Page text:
This poses a potential problem. Innocent skeptics may decide they don't want to hazard ordeals because they fear the possibility that boiling water will boil them or burning iron will burn them. If everyone passes, this fear disappears. But then guilty skeptics may decide they want to hazard ordeals instead. In both cases, the sorting breaks down, destroying the ability of ordeals to distinguish the guilty from the innocent.

But surely people clever enough to come up with the idea of using ordeals to sort criminal defendants in the first place wouldn't let this get in the way of their ability to do so. Ordeal-administering priests had a simple solution to the problem of skeptics: Condemn some probands.

It turns out that as long as defendants possessed even the faintest faith in the possibility that ordeals were genuine judgments of God, there existed some proportion of probands whom priests could condemn that would accomplish this goal. The more skeptical people were that ordeals were iudicia Dei, the more probands priests had to condemn to save the sorting feature of ordeals. The less skeptical people were, the fewer they could get away with condemning.

The probands whom priests had to condemn in this case were, of course, innocent ones—since innocents are the only people willing to undergo ordeals when they're sorting properly. This too poses a problem.

When priests don't have to condemn any innocent people, ordeals reinforce people's belief that they're legit. The guilty always decline ordeals, so their belief in iudicium Dei is never challenged; the innocent always undergo ordeals and are exonerated, so their belief is always fulfilled. But when priests have to condemn some innocent people, this is no longer true. Some probands now have experiences that contradict their belief that ordeals are iudicia Dei—they know they're innocent, but the ordeals they undergo say otherwise.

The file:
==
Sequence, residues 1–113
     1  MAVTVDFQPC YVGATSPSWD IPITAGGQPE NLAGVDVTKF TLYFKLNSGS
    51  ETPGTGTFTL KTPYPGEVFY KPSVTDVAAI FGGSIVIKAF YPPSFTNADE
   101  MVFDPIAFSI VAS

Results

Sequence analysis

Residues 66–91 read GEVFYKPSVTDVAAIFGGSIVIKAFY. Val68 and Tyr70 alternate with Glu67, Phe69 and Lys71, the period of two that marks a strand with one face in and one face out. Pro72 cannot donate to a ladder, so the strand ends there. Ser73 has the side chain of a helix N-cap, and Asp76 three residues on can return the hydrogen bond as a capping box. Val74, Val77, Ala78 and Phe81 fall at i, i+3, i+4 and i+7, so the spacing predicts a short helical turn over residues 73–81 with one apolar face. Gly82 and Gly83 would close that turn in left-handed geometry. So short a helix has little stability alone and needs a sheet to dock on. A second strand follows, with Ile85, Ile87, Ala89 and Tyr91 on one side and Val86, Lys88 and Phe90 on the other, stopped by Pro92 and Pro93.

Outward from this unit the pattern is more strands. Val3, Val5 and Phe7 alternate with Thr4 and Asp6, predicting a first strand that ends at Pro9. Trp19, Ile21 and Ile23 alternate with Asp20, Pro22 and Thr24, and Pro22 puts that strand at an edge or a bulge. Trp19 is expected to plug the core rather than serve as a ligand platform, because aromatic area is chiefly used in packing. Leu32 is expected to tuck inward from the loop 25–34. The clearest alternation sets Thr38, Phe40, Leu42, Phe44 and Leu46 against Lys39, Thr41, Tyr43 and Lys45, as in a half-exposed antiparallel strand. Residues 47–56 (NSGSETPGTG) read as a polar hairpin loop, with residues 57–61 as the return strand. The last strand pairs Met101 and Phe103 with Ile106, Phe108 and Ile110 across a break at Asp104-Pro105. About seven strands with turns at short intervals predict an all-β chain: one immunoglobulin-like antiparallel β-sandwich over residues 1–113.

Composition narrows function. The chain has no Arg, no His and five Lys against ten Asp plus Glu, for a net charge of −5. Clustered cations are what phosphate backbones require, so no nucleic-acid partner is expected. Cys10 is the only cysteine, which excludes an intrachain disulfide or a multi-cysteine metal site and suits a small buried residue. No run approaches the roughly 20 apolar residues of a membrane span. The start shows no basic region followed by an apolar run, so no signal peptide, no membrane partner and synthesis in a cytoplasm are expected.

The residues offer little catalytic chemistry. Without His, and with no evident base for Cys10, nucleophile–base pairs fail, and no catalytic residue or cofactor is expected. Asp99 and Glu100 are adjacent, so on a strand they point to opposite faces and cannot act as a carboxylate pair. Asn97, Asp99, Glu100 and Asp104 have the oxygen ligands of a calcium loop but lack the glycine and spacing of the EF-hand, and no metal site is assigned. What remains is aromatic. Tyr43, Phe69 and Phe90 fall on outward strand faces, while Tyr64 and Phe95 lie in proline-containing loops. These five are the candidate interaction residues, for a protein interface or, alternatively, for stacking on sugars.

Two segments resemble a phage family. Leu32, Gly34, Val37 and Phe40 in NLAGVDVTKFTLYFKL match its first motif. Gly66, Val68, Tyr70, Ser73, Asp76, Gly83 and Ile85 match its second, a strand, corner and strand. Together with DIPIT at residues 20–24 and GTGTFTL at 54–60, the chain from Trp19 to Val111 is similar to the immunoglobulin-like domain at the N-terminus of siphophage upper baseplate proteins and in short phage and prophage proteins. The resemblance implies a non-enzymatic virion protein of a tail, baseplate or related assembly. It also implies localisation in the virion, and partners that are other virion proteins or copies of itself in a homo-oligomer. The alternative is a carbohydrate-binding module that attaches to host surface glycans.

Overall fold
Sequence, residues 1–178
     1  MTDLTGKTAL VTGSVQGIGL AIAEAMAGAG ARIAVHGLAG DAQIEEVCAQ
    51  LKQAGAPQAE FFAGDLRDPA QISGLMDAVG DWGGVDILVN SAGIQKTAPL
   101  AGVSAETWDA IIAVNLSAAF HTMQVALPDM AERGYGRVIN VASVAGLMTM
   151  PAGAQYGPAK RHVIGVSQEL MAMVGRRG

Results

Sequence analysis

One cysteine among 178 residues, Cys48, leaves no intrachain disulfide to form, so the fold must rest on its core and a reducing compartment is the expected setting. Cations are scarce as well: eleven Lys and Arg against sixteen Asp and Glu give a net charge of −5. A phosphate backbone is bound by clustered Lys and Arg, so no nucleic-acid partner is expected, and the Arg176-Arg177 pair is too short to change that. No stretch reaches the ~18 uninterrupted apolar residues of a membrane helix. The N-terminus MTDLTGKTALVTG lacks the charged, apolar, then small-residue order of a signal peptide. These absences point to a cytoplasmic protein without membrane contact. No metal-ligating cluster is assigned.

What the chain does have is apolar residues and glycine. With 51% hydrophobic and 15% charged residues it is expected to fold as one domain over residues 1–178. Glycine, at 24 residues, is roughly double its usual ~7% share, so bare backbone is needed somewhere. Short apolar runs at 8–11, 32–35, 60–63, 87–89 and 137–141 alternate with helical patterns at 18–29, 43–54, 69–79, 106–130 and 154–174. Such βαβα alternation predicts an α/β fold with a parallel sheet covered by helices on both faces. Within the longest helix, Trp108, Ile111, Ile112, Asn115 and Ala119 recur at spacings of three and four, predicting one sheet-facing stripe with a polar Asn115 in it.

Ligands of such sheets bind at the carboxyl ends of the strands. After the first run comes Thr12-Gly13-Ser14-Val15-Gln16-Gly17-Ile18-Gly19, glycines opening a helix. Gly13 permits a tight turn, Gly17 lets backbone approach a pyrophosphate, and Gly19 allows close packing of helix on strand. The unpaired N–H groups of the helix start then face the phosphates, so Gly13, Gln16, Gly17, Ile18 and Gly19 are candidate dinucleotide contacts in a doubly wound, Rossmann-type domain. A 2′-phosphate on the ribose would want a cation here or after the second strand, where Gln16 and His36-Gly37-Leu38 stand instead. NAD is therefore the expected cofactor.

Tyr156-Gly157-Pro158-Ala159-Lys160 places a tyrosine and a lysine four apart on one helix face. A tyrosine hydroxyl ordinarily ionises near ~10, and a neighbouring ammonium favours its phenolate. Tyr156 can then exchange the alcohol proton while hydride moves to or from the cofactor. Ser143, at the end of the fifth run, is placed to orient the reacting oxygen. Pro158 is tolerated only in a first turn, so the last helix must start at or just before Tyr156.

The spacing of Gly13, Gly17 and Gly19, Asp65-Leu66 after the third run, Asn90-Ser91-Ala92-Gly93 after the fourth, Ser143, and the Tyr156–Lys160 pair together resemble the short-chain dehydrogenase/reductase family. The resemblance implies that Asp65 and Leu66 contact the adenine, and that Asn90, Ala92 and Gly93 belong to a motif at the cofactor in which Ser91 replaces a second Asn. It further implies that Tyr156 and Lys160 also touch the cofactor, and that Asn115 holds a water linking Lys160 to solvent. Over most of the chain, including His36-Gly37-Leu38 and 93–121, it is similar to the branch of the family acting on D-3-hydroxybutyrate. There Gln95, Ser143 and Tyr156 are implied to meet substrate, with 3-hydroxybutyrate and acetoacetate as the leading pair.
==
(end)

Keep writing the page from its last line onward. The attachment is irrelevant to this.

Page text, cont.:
This problem, however, was minor. After all, what could an innocent person condemned by an ordeal do? Proclaim his innocence and tell everyone that ordeals are a sham? Maybe. But this is the same thing a truly guilty person would do, so no one's belief is affected. Exploit his knowledge that ordeals are a sham by committing crimes and hoping to be sent to them? I doubt it. But suppose he did: Now he repeatedly confronts the priest, who becomes suspicious and condemns him, foiling his plan.

The real potential danger wasn't that innocent people would tattle or become career criminals. It was that events would contradict ordeal results. One medieval defendant who was accused of murder, for instance, underwent an ordeal, failed, and was hanged. A few weeks later the man he murdered came home.

Such incidents threatened to initiate a process that could destroy the operation of ordeals. An occasional contradictory incident could be explained away, but belief that ordeals were iudicia Dei would weaken considerably if failures were frequent.

But they weren't, for two reasons. First, the cases in which judges used ordeals militated against such situations. Those cases, recall, were when ordinary evidence was lacking. The prospect that evidence would come back later to contradict ordeal results was therefore slim.

Second, medieval citizens' belief that ordeals were iudicia Dei was strong, so priests didn't have to condemn many probands to ensure that ordeals sorted properly.